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UW–Madison School of Education Joins Forces with School Districts, DWD to Cultivate Aspiring School Leaders 

This article was originally published on the University of Wisconsin-Madison’s website. 

To help identify and nurture future school leaders, the University of Wisconsin–Madison School of Education is partnering with three Wisconsin school districts to launch the District Leadership Preparation Pipeline (DLPP) program. This innovative program aims to transform 25 current school district employees into highly effective school leaders by August 2025.  

The DLPP program is a collaborative effort, bringing together an urban, suburban, and rural school district in south-central Wisconsin. Supported by funding from the Wisconsin Department of Workforce Development’s (DWD) Fast Forward Industry Sectors Worker Training grant program, the initiative leverages the School of Education’s highly regarded 14-month principal preparation curriculum. 

“Good principals and school leaders truly benefit teachers, staff, and the education students receive,” DWD Secretary Amy Pechacek said. “We are eager to partner with the UW–Madison School of Education to help prepare leaders who will support our schools, our educators, and our future workforce.” 

The participating school districts include the urban Madison Metropolitan School District (MMSD), which serves over 25,000 students in 52 schools; the suburban Middleton-Cross Plains Area School District (MCPASD), serving approximately 7,300 students in 12 schools; and the rural Lake Mills Area School District, serving approximately 1,500 students in three schools.  

“This exciting new collaboration among our School of Education, the Division of Workforce Development, and the Madison Metropolitan School District, Middleton-Cross Plains Area School District, and Lake Mills Area School District will ensure that 25 excellent staff in those districts go through our rigorous graduate program that will prepare them to take on a variety of school-based leadership roles, most notably principals,” said School of Education Dean Diana Hess. “Ensuring that all schools have excellent school-based leaders is absolutely essential and I know this new collaboration will have lasting impact.” 

Each district has selected talented educators to participate in the program who are committed to making a difference in the communities they serve and demonstrate potential to advance into school leadership roles. Twenty-five individuals will form the first DLPP cohort, including 20 from MMSD, three from MCPASD, and two from Lake Mills. They will begin their coursework at UW–Madison in June.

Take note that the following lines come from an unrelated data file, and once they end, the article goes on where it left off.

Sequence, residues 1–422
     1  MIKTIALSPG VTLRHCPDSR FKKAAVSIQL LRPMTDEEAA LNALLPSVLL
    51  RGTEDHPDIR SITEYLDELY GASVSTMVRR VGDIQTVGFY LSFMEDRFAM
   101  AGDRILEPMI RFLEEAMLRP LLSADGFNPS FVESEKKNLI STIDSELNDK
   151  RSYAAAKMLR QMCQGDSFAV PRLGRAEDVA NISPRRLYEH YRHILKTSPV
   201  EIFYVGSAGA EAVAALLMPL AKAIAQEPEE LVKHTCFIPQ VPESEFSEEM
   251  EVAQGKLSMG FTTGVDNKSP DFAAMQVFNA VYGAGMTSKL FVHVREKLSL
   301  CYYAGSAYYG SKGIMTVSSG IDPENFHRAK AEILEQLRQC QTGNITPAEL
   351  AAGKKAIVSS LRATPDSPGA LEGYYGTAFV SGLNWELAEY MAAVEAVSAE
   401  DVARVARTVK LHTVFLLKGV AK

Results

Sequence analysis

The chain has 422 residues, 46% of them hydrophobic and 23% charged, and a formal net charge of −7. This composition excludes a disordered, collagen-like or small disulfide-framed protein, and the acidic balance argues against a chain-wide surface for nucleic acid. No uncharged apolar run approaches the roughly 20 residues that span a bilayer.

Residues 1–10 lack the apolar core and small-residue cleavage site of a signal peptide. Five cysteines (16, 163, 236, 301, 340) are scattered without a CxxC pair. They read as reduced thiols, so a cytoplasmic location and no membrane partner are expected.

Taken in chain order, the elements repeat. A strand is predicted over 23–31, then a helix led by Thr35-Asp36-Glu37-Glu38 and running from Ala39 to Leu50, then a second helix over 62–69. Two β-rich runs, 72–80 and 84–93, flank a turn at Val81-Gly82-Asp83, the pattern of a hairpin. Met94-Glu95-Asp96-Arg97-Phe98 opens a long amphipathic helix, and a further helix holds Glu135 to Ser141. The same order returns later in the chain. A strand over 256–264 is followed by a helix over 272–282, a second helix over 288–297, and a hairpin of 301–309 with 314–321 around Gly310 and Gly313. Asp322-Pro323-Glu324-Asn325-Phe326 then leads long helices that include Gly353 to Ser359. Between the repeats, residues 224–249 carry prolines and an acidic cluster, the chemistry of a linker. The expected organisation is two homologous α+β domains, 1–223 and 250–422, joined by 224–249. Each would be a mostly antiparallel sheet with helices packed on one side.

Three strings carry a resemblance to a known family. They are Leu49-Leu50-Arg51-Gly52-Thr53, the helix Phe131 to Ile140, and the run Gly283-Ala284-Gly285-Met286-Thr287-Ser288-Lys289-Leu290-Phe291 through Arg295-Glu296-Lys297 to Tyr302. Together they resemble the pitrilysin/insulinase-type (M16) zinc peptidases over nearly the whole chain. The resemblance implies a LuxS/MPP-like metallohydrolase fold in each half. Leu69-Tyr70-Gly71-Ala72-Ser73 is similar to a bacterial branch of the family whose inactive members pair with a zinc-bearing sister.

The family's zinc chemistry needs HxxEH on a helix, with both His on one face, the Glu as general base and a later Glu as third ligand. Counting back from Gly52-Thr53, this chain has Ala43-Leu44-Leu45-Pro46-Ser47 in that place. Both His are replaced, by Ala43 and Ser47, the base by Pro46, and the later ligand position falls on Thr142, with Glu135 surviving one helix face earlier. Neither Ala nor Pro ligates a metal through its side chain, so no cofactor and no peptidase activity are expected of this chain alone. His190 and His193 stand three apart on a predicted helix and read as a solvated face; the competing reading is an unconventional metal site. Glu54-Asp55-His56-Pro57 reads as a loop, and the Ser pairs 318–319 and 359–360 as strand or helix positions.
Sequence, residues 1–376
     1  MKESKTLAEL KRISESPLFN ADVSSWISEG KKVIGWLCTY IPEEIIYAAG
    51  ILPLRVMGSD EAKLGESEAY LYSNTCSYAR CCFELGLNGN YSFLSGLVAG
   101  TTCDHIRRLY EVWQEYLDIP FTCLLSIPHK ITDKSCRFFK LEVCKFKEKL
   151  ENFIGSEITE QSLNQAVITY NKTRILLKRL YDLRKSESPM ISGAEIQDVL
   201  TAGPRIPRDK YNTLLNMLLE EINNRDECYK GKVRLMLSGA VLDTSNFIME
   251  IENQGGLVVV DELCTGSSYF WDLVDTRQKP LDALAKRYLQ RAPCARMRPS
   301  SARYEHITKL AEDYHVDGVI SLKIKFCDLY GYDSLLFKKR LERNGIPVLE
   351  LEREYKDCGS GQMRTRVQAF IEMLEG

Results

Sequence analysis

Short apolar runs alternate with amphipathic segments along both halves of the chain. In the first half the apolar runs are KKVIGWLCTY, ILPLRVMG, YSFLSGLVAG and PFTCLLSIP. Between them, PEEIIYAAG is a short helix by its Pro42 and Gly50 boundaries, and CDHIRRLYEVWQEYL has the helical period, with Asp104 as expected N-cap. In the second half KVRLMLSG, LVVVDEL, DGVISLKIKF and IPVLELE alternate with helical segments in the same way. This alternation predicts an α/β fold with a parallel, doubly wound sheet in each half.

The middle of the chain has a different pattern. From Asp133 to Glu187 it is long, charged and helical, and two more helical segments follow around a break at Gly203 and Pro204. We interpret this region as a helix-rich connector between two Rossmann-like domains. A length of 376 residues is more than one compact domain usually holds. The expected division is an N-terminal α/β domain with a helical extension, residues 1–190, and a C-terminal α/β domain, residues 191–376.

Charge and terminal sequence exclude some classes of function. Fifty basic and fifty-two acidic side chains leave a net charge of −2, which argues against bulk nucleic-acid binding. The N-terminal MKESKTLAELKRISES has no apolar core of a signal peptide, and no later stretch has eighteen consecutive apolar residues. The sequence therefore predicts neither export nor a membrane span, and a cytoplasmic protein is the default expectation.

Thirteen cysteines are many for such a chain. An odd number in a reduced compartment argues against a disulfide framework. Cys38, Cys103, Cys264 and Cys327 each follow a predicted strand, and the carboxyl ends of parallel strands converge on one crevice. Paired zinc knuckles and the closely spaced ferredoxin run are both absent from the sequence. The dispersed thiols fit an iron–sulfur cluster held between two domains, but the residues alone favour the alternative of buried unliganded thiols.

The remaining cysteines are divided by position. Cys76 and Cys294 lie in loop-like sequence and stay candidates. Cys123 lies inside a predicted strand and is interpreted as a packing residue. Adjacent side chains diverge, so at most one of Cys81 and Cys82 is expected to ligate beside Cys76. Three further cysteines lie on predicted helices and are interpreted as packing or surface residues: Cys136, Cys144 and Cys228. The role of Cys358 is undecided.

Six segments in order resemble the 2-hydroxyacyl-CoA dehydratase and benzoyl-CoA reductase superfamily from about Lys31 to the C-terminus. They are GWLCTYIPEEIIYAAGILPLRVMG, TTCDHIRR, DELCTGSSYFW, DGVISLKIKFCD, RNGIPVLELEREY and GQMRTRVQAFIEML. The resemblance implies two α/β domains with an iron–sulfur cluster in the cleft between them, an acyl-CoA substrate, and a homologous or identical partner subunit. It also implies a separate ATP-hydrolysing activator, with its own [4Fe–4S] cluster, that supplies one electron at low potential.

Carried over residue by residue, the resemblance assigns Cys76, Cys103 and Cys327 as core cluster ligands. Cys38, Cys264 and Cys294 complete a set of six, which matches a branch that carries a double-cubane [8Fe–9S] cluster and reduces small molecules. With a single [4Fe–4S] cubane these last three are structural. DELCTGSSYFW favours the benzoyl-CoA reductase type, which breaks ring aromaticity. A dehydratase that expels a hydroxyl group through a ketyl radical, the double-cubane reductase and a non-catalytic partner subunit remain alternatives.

“Principals are an invaluable part of our commitment to providing every student in our district the best educational experience possible. They set the tone across all of our schools, creating warm, welcoming environments that promote teaching, learning, and community-building,” said Carlettra Stanford, MMSD’s assistant superintendent of school leadership. “The Madison Metropolitan School District is proud to be a part of the District Leadership Preparation Pipeline initiative, and looks forward to welcoming members of its initial cohort to leadership positions in the very near future.” 

Over 14 months, members of the cohort will continue to work full-time in their current roles while taking courses at times that accommodate their schedules — during the summers, and evenings/weekends during the school year. At the end of the program, they will earn a master’s degree in K-12 leadership and become eligible to apply for a Wisconsin principal license. Their districts then commit to promoting them into school-based leadership roles beginning in the 2025-26 school year. 

One benefit of the DLPP program is that it will help create authentic partnerships between the School of Education’s Department of Educational Leadership and Policy Analysis, home of UW–Madison’s K-12 Leadership MS program, and an urban, suburban, and rural school district, said Barbara Sramek, a clinical professor and director of the K-12 Leadership MS program. These partnerships across school districts, she added, will allow participants to “gain insights into the experiences and perspectives of those who serve in different locales.” 

Tonya Olson, the Lake Mills Area School District administrator, with the district’s two DLPP candidates, Brad Smith and Justin Annen.

Research shows that school leaders have a significant impact on teaching and learning outcomes in schools. Recognizing this, the DLPP program is designed to address the multifaceted responsibilities that principals and other school leaders shoulder, including mentoring teachers, engaging with the community, and supporting the social and emotional needs of students and families. 

“The success of a school depends on the success of the principal, and teachers who successfully create a caring and encouraging environment, motivate students, use data to inform instruction, and communicate effectively with parents are more likely to replicate those same skills as a school leader,” said Tonya Olson, district administrator of the Lake Mills Area School District. “We have seen these traits in the two staff members we selected to participate in this program, and we are excited to further enhance their leadership abilities by providing this opportunity.” 

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